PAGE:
- Lagos state government has made final arrangements to establish the first DNA forensic laboratory in Nigeria
- The laboratory will be called the Lagos State DNA Forensics Centre (LSDFC)
- The LSDFC is to help in the war against domestic, sexual and violent crimes
In furtherance of its commitment to the criminal justice sector reforms and take the fight against crime to a greater level, the Lagos State Government (LSG) on Tuesday, February 23, announced that it has concluded plans to establish the first ever high-powered DNA forensic laboratory in Nigeria.
The Lab which will take off within the next six to twelve months would be called the Lagos State DNA Forensics Centre (LSDFC), when fully operational.
It would fulfill an unmet need for DNA profiling which is a unique forensic technique that is now being used all over the world.
Addressing journalists at the Bagauda Kaltho press centre in Alausa on Tuesday, the state attorney general and commissioner for justice, Mr Adeniji Kazeem, said the establishment of the centre was another eloquent testimony of Governor Akinwunmi Ambode’s sincerity and seriousness towards fighting all forms of criminality.
Kazeem, who addressed the media alongside senior officials of the ministry, said Governor Ambode had been at the vanguard of the war against domestic, sexual and violent crimes, and that the centre was geared towards vigorous justice sector reforms.
He recalled the ground-breaking donation of equipment worth N4.8 billion to the Nigerian police, the light-up Lagos project, and the recent solidarity visit of the governor to crime flash points like the Isawo area of Ikorodu where criminals have been terrorizing innocent citizens, among others as further proofs of Ambode's determination to tackle crime.
Speaking on the importance of the forensic centre, the commissioner said the facility which would be driven by the Ministry of Justice with active support of the governor, will focus on DNA analysis to support the justice sector in diverse areas such as “collection and preserving reference and evidentiary DNA which can later be used in identifying criminals; decoding familial relationships of individuals which could also be a tool for the judicial system; and identifying victims and remains after natural and manmade calamities.”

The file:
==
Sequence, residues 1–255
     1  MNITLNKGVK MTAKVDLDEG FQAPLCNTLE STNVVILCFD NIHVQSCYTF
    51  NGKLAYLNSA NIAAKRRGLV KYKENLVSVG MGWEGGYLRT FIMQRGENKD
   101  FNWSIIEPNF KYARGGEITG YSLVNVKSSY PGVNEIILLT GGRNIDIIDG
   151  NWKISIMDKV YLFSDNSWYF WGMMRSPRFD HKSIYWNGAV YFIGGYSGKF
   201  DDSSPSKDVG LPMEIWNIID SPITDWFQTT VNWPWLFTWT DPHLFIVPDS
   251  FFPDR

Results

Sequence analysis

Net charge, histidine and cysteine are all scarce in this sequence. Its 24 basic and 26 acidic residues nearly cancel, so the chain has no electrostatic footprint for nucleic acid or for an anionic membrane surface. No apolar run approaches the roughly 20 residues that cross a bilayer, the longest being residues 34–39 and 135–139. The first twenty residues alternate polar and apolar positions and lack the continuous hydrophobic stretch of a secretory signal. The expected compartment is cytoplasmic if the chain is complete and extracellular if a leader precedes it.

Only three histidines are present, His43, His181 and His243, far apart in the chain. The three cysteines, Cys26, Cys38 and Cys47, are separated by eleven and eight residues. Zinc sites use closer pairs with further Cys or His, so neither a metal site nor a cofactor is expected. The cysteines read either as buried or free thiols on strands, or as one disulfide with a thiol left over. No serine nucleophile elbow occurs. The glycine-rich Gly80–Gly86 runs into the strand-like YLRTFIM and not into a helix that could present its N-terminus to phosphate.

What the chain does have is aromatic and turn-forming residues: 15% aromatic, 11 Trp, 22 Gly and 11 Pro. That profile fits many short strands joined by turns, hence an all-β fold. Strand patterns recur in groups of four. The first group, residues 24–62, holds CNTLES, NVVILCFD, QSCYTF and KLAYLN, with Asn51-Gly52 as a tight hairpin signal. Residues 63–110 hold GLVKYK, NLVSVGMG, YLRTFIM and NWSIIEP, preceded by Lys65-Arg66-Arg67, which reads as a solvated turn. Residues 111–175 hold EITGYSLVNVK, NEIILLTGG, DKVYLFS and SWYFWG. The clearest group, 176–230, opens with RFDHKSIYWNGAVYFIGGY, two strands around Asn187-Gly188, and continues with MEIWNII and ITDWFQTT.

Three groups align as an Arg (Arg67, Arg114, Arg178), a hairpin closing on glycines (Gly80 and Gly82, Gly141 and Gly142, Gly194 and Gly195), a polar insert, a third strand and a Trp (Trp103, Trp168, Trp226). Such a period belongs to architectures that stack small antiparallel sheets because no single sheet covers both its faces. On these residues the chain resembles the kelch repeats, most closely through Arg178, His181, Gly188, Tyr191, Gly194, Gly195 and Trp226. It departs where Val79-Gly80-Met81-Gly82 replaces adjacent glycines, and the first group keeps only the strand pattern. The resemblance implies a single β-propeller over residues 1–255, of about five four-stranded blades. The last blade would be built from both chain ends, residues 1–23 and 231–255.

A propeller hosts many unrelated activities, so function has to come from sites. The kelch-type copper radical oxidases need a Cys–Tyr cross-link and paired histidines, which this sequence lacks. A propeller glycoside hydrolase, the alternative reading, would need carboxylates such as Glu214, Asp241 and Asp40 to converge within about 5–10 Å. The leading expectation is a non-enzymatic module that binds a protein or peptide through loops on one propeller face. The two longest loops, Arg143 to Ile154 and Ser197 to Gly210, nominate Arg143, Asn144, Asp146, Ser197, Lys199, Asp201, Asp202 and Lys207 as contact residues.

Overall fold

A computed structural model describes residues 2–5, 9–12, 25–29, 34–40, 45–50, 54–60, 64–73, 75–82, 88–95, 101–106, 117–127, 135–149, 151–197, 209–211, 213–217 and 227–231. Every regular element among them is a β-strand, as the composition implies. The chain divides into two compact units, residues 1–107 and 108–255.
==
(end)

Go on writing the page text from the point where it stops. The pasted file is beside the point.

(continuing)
Kazeem also explained that DNA profiling is an extraction of DNA from body fluids, semen, nails, hair and other DNA generic sources, adding that the centre would greatly help to controvert evidence of alibi and confirm physical presence of suspects at the scene of a crime and the origin of DNA to such suspects.
He said: “Even though the role of DNA in forensics, law enforcement and the justice sector is well known globally, a high-powered DNA analysis centre is not available in Nigeria. This means that most, if not all the DNA testing needs are performed outside Nigeria, a situation that leads to longer turnaround times and an overall higher cost of bringing closure to investigation and prosecution of crimes.”
He said when operational, the centre will serve the DNA needs of the state, members of the public, other states and neighbouring countries, saying it would be of international standard which all stakeholders including security agencies would benefit from.
On the areas of focus, Kazeem said the Centre would be deployed for criminal investigation to identify criminals with incredible accuracy and exonerate suspects mistakenly accused or convicted of crimes.
The Centre, according to the commissioner, would also aid investigation on domestic and sexual violence cases, boost family and paternity proceedings, and help in identifying victims of natural and man-made disasters.
Kazeem expressed optimism that the centre would be a unique solution to fighting crime in the quest of the present administration for a safer and secured Lagos, adding: “Lagos is a unique place with a unique Governor who has continued and will continue to provide unique solutions.”
He further said the government was partnering with experts in the DNA field on the project, who would build, operate and transfer to government after about two years, a period within which the officials of the state must have been trained on how to run the centre.
Fielding questions on the challenge of collecting database for the centre, Kazeem said data collated along the line, would be stored, and that other government ministries, departments and agencies would equally collaborate with the Ministry of Justice to effectively deliver on the mandate of the centre.